So where does this leave us in consideration of the original question? The truth is that I do not have an answer. In an effort to create a culturally responsive space for all people to argue/debate, it is important to understand the differences that occur in communication. What members of the ASD community often face is the subjugation of assimilation. This means that the majority of our working peers are NT so we are required to participate under NT rules. This is because we live in a majority NT world – is that fair – no! It is reality.

Cultural responsiveness should mean that we learn to understand that our way or doing something might not be the way another person does something. It also means that we open ourselves to the idea that people have the right to challenge what we think may be right or wrong. In looking at the various ways people argue for understanding – do we owe it to one another to hear others say, “That behavior means something different to me”.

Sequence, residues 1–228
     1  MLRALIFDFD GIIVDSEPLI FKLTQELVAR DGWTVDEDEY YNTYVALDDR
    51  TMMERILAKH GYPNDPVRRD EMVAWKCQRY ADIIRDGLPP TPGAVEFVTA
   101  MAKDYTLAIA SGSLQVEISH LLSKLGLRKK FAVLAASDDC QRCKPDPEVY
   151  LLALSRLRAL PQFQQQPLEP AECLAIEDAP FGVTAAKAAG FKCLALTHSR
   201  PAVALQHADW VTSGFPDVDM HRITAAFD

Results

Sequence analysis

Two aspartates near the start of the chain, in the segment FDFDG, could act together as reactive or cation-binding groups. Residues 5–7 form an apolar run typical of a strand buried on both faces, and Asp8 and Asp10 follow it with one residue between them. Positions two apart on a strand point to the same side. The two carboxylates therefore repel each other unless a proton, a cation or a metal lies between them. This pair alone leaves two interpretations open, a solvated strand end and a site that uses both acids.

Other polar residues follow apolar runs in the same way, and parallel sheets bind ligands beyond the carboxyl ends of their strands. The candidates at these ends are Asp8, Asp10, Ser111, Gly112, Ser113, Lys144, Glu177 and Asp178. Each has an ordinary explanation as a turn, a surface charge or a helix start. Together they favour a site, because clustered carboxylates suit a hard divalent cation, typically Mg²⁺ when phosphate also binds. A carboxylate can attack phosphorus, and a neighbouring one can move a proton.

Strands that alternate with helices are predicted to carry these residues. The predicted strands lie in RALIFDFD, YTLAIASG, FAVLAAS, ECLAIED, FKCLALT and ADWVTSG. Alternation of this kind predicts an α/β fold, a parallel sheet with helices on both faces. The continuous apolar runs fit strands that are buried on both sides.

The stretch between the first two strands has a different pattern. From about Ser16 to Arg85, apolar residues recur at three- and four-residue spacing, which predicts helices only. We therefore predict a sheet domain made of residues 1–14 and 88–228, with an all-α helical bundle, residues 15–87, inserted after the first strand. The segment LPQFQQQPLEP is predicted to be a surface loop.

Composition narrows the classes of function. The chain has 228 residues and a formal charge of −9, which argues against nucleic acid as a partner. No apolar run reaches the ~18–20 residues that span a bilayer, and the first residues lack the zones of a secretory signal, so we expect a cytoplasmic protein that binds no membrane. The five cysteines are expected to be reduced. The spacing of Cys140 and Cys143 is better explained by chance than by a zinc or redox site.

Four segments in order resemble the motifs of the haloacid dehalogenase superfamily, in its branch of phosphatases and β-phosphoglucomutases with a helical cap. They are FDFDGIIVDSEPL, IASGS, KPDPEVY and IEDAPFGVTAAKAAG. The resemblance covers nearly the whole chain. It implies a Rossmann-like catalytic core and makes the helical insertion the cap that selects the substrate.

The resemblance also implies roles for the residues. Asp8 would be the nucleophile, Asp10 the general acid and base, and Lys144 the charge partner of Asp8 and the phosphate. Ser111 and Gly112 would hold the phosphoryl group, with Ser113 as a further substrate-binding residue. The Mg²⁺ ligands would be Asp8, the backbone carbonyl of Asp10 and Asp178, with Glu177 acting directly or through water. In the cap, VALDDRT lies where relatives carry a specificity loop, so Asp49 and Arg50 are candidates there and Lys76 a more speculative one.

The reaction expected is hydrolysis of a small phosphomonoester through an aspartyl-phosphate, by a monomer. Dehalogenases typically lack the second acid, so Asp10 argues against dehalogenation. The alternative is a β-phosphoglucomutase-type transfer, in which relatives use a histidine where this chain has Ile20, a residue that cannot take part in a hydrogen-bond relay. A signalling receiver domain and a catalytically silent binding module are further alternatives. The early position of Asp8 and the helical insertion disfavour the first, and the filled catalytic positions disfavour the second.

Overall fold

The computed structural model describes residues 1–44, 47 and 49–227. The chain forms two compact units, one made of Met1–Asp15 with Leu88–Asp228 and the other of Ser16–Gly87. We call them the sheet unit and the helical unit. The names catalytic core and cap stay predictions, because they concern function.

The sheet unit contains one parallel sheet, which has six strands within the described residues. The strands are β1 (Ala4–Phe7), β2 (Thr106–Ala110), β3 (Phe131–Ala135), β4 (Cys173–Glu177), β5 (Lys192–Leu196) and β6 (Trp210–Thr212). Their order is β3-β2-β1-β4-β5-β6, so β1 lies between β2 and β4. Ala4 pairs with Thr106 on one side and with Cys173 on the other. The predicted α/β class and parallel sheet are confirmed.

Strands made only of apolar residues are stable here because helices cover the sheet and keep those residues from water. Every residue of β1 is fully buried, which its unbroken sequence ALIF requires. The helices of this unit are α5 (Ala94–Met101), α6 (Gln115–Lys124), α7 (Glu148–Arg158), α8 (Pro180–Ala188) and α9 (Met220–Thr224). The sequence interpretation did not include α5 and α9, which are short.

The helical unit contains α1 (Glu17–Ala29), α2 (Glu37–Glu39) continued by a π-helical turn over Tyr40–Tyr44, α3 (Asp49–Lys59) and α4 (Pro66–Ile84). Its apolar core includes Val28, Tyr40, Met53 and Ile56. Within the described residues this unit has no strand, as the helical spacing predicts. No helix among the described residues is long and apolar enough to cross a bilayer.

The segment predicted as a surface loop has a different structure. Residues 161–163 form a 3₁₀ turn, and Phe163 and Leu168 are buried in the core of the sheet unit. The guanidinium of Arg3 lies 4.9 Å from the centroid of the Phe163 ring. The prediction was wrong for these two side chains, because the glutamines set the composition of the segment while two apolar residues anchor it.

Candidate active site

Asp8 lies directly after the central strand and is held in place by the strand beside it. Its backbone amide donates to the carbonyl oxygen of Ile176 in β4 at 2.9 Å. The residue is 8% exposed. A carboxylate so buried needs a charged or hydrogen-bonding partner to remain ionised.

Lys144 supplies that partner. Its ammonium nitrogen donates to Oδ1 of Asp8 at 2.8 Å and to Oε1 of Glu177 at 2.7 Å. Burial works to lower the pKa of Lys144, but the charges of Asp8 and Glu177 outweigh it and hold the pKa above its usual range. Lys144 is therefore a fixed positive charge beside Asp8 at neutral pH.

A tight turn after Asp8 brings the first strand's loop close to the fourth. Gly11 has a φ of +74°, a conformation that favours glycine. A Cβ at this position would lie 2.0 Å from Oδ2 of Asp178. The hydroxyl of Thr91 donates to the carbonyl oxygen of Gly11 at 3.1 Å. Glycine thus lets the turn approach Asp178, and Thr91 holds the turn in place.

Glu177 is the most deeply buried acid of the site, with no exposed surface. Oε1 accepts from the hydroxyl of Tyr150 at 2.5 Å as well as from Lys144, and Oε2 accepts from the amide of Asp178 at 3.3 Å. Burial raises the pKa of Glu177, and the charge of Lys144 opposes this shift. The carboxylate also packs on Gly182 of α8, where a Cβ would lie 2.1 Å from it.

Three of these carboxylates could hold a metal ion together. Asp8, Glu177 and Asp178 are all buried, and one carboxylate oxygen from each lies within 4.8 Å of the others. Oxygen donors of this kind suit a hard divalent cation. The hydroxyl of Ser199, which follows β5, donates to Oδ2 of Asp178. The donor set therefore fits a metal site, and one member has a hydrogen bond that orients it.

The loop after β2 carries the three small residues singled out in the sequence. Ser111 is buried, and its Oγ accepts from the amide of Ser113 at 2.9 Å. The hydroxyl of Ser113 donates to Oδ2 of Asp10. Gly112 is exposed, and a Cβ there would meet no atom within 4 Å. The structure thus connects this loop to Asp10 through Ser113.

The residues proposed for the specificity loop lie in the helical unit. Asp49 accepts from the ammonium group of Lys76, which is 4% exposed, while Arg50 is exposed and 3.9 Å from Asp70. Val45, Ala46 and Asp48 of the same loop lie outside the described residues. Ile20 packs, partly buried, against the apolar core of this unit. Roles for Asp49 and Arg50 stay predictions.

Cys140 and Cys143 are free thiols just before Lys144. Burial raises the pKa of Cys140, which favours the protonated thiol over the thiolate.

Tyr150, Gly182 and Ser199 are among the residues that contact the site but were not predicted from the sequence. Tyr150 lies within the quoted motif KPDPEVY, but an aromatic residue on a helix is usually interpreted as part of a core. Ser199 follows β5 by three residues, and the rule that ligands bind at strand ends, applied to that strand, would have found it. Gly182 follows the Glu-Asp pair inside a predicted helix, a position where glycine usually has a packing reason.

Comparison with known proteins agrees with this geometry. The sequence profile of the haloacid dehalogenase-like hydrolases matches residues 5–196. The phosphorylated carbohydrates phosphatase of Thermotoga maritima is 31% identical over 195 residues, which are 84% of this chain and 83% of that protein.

These are just some thoughts I will need to evaluate in the years to come.